Pessie Goldin’s body was found in her bathtub, an apparent accident or unmentionable suicide–but her husband believes she was murdered. As she investigates, Rebekah will find others like her mother who left the ultra-conservative sect and formed their own group. Some rage about the restraints they were forced to live under in their old community. And others find themselves inexplicably mixed up with groups who would kill without a clear thought for the lives and beliefs of others.
Dahl does a lovely job of letting Rebekah tell readers her story from her point of view as an outsider to a culture she’s trying to understand, while developing a wallop of a story that is its own mystery. One aspect Auntie M particularly enjoyed was seeing the protagonist’s growth and maturity in her job and in her personal life, which adds to the compelling aspect of the mystery. Don’t miss this one.
Auntie M enjoyed UK author Tony Parson’s foray into crime novels with The Murder Man, which introduced DI Max Wolfe, his daughter Scout, and their personable dog, Stan. With The Slaughter Man, Max returns to investigate a heinous crime that jumps off the page from the Prologue describing the horrific slaughter of an entire family, except for the youngest child, apparently kidnapped.
It’s New Year’s Day when this occurs and the day after this wealthy family is found inside their gated-community home, all dead from a most unusual method: a cattle gun, used to stun cattle before butchering. When Max visits Scotland Yard’s Black Museum for background, he comes across a murderer who used just this method three decades ago and was dubbed The Slaughter Man by the press. Could the man, now released from prison, be on a murdering rampage? And why this particular family?
The happy family included two teens and parents who were former Olympians. There’s history here and Max is determined to find out how the past of the parents has led to this slaughter, always aware that as time goes by, his chances of finding the kidnapped boy alive grow dimmer.
Auntie M marveled at Max’s ability to withstand physical punishment, but Parsons does a good job illustrating his physical prowess and workouts at a local boxing club to balance what could be seen as super-human. For Max is definitely a very human detective, devoted to his daughter and her safely and happiness, and this makes him a very real character who leaps off the page and who readers will follow anywhere he takes them. Highly recommended.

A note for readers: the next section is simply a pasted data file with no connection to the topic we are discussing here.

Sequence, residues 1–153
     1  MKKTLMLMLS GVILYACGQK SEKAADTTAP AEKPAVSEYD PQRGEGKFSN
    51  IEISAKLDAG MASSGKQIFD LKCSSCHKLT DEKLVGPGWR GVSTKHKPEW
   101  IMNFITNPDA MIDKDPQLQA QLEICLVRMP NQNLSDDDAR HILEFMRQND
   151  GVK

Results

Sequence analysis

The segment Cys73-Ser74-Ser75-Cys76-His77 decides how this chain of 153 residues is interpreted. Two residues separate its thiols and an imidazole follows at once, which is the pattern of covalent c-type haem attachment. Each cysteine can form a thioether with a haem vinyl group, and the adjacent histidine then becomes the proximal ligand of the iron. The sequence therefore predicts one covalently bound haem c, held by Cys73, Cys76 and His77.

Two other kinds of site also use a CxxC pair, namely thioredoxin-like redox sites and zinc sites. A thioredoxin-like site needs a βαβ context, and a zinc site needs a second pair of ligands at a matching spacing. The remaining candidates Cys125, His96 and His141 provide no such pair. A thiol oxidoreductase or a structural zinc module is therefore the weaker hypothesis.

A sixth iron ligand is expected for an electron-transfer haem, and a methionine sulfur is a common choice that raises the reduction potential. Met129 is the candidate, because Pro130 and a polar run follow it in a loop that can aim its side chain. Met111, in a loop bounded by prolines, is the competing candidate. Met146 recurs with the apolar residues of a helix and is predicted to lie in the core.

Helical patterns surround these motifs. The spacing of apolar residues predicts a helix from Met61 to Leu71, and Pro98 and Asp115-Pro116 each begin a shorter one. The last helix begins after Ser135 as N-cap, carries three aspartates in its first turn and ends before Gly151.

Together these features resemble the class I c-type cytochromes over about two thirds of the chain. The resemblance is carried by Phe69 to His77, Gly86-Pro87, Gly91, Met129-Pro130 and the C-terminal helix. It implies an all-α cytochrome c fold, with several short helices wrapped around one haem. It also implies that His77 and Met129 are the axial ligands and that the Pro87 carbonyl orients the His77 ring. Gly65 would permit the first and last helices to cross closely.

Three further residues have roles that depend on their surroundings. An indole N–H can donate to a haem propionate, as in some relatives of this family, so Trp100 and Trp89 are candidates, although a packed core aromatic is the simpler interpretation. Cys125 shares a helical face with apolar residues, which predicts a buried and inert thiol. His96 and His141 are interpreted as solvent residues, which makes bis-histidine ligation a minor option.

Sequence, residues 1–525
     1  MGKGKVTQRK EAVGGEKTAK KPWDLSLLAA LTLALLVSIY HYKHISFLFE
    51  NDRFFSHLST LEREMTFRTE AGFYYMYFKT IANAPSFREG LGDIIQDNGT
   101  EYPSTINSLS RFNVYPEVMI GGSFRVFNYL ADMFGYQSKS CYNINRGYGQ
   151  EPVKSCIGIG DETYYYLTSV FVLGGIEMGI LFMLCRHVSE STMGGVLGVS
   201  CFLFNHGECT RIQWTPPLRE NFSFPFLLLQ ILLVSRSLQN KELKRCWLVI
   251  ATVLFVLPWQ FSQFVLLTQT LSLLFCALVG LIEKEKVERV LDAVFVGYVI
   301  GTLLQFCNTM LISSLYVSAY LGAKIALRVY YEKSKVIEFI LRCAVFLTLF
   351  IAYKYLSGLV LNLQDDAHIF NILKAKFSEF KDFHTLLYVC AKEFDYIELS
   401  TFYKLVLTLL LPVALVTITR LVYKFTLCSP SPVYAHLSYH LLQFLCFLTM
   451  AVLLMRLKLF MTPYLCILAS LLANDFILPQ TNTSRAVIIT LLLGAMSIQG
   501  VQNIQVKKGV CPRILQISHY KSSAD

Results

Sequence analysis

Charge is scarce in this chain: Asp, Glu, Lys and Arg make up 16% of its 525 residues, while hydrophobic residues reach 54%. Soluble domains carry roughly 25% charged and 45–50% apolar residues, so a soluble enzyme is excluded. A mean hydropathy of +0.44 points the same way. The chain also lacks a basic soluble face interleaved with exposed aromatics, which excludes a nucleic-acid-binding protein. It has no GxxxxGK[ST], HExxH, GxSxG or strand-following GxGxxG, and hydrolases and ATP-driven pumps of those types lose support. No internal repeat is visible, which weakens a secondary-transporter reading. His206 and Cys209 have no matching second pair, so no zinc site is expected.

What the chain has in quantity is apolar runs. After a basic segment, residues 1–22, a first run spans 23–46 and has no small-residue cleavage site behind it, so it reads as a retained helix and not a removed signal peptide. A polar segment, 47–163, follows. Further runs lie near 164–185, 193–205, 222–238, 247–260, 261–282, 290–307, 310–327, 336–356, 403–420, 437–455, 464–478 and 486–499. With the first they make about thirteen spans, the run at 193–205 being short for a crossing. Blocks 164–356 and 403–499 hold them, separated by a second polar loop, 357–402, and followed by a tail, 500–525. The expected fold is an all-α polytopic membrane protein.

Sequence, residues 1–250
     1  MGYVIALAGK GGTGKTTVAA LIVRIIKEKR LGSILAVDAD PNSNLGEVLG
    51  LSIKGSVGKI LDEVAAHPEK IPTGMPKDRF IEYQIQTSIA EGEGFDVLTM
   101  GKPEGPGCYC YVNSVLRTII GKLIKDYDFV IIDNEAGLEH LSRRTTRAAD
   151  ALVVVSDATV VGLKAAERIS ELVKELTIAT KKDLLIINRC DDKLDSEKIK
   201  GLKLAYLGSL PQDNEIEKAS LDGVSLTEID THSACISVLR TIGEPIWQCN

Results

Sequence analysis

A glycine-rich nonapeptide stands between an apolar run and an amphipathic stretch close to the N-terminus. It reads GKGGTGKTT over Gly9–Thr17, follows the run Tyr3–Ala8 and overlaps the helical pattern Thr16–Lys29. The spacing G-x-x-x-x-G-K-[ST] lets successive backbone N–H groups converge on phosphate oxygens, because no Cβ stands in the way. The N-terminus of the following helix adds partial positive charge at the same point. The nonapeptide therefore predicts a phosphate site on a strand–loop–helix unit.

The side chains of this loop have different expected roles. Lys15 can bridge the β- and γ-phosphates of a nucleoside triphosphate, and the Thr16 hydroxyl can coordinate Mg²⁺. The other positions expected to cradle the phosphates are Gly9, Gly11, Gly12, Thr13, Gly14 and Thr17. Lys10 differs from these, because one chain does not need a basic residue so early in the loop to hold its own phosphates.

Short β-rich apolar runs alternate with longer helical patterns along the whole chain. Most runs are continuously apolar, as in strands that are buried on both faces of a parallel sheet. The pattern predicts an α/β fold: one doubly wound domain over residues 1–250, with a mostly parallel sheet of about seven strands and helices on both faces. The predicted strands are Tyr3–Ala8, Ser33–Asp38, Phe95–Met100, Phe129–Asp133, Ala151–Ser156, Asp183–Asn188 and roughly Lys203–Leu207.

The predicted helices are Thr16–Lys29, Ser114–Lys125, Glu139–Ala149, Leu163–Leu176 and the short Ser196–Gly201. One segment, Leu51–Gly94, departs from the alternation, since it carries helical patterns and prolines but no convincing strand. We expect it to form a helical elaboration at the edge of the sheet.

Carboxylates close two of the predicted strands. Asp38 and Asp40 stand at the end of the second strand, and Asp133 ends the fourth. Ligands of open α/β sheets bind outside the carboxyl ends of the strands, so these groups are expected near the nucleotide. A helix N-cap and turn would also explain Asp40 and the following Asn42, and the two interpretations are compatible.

Sophie Hannah seems to be everywhere, and Auntie M says this with all due respect and admiration. Last year's The Telling Error has been published in the US recently under the title Woman with a Secret and was previously reviewed on this blog on February 1st. It’s the tale of a woman keeping a secret and brings back the unusual husband-and-wife detective duo of Simon Waterhouse and Charlie Zailer, an interesting and intriguing pair, and if you haven’t made their acquaintance yet, now’s the time to do it.
Hannah was also the author of the new Hercule Poirot novel authorized by Agatha Christie’s estate, The Monogram Murders, notable for her outstanding voice of Poirot, which so many readers miss. Now she has a standalone in A Game For All The Family, which shows her deft hand at psychological thrillers, as well as her ability to create an intriguing story from the most seemingly innocuous bits of people’s lives that somehow escalate before the reader’s eyes into full-blown terror.
Justine Merrison is moving with her family to escape London and her high pressure job to the lovely Devon countryside, home to Dame Agatha, by the way. She has huge plans to do nothing at all, at least for a while, but the family is no sooner moved in than teen daughter Ellen withdraws and changes personality.
It seems Ellen has written a story that describes a grisly murder set in the family’s gorgeous new home and just happened to name a character after herself. What starts out as a school assignment morphs into the story of someone else’s family. Her good friend is expelled from school for a trifle and when Justine goes to the school to ask the head to reconsider, she’s told the student doesn’t exist and that he never attended the school. Who is going crazy–Ellen or the school? And then the anonymous calls start, and Justine finds herself accused of sharing a murderous past with the caller whose voice she doesn’t recognize.
How this falls out is part of the fun of reading the unique novel where Justine must find out just whom she’s supposed to be in order to stop the threat to her family. Twisted and entertaining.